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Historians Reconsidered: Tacitus

Part of the series Historians Reconsidered
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A great historian of an age he disliked, Harold Mattingly shows how Tacitus has given posterity an incomparable picture of the early Roman Empire.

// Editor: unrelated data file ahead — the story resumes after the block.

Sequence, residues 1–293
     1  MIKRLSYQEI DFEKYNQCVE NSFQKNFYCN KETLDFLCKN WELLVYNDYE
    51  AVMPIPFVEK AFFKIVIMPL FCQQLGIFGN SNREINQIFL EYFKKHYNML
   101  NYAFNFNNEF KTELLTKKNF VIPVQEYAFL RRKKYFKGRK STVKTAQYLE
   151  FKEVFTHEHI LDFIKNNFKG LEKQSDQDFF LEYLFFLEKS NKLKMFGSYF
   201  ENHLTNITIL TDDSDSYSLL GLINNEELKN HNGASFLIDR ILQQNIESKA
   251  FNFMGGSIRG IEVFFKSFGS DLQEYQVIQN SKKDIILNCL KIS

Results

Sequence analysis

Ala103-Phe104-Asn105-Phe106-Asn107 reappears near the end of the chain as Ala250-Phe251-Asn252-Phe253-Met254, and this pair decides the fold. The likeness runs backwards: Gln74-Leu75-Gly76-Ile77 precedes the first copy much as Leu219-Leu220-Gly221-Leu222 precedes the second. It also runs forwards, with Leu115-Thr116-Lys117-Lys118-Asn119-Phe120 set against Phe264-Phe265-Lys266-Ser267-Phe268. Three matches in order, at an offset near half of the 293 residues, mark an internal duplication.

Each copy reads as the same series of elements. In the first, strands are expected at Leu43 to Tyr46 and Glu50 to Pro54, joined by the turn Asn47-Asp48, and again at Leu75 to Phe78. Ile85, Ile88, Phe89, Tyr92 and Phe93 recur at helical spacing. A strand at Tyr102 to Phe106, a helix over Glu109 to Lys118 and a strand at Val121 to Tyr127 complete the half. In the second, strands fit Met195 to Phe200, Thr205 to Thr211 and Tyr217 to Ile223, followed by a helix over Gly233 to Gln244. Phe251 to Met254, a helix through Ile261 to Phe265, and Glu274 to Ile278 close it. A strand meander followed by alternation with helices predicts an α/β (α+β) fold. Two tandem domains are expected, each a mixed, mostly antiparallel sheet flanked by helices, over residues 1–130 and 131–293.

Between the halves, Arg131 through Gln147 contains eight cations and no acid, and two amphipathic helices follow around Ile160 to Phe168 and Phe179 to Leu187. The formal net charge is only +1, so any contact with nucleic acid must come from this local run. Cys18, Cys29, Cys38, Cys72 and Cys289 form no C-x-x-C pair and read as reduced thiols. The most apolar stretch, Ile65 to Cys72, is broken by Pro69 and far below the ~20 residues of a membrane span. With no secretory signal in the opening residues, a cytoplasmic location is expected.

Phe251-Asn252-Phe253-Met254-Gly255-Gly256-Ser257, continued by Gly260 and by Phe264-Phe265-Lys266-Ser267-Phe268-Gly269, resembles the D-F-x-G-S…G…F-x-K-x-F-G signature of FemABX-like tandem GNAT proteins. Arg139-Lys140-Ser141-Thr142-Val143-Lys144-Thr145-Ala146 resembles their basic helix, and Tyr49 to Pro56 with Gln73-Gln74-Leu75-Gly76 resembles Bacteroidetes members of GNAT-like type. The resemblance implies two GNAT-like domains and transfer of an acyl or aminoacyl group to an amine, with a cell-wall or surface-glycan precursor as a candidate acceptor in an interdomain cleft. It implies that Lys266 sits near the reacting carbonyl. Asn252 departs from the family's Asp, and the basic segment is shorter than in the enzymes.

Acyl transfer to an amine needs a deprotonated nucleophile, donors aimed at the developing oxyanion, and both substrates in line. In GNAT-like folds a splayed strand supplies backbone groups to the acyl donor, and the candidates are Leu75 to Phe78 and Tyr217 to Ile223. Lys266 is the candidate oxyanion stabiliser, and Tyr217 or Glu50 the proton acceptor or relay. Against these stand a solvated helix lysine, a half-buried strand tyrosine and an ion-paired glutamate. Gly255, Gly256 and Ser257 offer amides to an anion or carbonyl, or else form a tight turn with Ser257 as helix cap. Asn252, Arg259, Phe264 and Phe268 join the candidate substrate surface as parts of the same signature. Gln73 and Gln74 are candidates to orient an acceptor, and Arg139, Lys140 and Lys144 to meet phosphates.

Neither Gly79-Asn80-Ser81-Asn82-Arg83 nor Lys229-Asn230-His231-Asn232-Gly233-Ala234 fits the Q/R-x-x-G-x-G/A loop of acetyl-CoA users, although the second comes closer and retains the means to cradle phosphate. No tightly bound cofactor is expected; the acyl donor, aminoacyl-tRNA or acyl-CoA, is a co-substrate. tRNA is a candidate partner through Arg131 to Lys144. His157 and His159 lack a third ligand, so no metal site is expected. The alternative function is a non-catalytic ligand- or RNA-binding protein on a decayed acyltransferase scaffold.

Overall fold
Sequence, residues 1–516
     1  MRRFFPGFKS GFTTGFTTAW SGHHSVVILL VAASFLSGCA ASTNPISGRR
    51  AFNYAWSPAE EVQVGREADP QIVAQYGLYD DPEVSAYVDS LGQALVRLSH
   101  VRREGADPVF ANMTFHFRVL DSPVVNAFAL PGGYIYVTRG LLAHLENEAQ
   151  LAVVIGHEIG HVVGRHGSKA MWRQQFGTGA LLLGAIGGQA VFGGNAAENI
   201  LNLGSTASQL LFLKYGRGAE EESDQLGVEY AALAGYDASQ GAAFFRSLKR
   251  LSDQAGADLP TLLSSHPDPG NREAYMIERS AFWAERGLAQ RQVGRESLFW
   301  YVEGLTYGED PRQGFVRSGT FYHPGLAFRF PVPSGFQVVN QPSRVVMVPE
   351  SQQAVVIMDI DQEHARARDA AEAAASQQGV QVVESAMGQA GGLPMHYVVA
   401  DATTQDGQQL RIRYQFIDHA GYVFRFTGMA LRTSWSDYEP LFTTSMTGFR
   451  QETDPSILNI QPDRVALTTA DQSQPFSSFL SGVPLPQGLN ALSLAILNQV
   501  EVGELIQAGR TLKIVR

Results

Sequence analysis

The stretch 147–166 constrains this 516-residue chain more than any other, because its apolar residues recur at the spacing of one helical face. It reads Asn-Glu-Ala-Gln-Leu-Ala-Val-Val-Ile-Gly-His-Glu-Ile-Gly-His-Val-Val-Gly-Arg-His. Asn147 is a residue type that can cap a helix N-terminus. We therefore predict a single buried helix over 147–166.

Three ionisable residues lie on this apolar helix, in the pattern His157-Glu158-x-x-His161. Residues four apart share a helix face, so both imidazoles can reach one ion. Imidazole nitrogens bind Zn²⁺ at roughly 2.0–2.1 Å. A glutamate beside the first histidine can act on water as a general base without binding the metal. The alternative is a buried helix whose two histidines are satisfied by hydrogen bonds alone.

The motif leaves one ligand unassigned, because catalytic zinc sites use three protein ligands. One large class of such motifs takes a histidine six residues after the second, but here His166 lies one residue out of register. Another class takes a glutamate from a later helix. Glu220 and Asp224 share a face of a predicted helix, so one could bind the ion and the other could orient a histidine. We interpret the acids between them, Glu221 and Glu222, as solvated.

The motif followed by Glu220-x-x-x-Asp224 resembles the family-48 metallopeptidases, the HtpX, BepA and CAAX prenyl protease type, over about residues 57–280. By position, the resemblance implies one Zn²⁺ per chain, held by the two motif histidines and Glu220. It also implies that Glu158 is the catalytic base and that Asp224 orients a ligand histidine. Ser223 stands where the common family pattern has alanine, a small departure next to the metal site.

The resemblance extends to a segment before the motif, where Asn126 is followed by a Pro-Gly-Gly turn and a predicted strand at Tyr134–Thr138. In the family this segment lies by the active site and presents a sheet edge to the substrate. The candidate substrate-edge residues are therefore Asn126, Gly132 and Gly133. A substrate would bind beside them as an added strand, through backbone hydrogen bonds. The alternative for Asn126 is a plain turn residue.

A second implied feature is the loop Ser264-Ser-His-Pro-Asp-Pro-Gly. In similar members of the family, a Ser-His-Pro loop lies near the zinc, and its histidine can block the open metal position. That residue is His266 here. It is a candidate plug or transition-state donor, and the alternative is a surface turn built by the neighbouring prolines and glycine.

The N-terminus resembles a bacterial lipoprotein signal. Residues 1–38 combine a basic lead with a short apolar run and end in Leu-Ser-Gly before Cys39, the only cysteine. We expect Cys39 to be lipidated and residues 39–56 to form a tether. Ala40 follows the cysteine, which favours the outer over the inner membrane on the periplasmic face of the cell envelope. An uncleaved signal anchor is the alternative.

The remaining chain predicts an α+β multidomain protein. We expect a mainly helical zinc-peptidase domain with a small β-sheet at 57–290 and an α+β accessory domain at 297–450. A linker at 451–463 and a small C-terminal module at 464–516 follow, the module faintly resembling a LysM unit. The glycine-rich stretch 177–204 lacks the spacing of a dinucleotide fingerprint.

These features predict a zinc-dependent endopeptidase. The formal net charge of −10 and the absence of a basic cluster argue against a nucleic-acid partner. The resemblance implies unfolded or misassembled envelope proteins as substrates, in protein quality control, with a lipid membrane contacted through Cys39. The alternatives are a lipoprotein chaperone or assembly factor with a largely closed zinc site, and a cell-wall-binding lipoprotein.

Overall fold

One of the great attractions of ancient history — and one of its greatest vexations — is the fact that, since relatively so little is known, one can ask far more questions than one can answer. When knowledge does advance and the circumference of our little patch of light grows, with it grows the area of the encircling unknown. So it is with our knowledge of Tacitus. We know his name, of course — Cornelius Tacitus, with praenomen Publius (P.) — though Gaius (C.) is occasionally given in late references. His father was probably that procurator of Belgica (North Gaul) of whom Pliny the Elder speaks. A procurator was a financial officer employed by the Emperor; and, as Tacitus tells us, such offices represented a sort of aristocracy in the equestrian order. Further back, the family may have descended from a client of the Cornelian “gens”; for “Tacitus” is not one of the old names associated with that “gens,” and clients commonly took the gentile name of their patrons. If this is true, as it might be, Tacitus’s own contempt for freedmen takes on a rather comic aspect. Where was he born? He has been claimed for Interamna in Umbria, but for no good reason. The Emperor Tacitus (275-276AD) is said to have come from that place and to have regarded Tacitus as his ancestor; but, the Emperor’s gentile name being Claudius, not Cornelius, the descent is most unlikely. It seems more probable that Tacitus came from one of the towns of Gallia Narbonensis, the province par excellence, as the Romans called it, which is still Provence today. A number of small indications all point in that direction. Agricola, father-in-law of Tacitus, came from Forum Julii. We know of quite a number of Gauls in the inner circle of Tacitus. His particular interest in Germany and Britain is easier to understand, if his world faced that way. One story, told in a letter of Pliny the Younger, friend and admirer of Tacitus, comes slightly nearer to direct evidence. Tacitus, he records, met and talked with a Roman knight in the circus at Rome. After some conversation, the knight asked “Are you an Italian or a provincial?” Tacitus replied: “You know me from your serious reading.” “Are you Tacitus or Pliny?” asked the knight. Let us try to fill in the missing parts of this little story. Why does the knight ask his first question? Because he recognizes in Tacitus one of the new senators whom Vespasian had brought in from the elite of Italy and the provinces — probably from the province, Narbonensis, in particular. Tacitus by implication admits that he is of that class; he does not say to which half he himself belongs, but he adds as a help that he is a literary man. The knight sees the field narrowed down. It must be either Tacitus or Pliny. Now, as there is the question of Italians and “provincials,” and as Pliny was an Italian (from Comum), is it not a reasonable inference that Tacitus was a “provincial” and, in this general setting, almost certainly a native of Narbonensis? At the moment it seems profitless to guess further.


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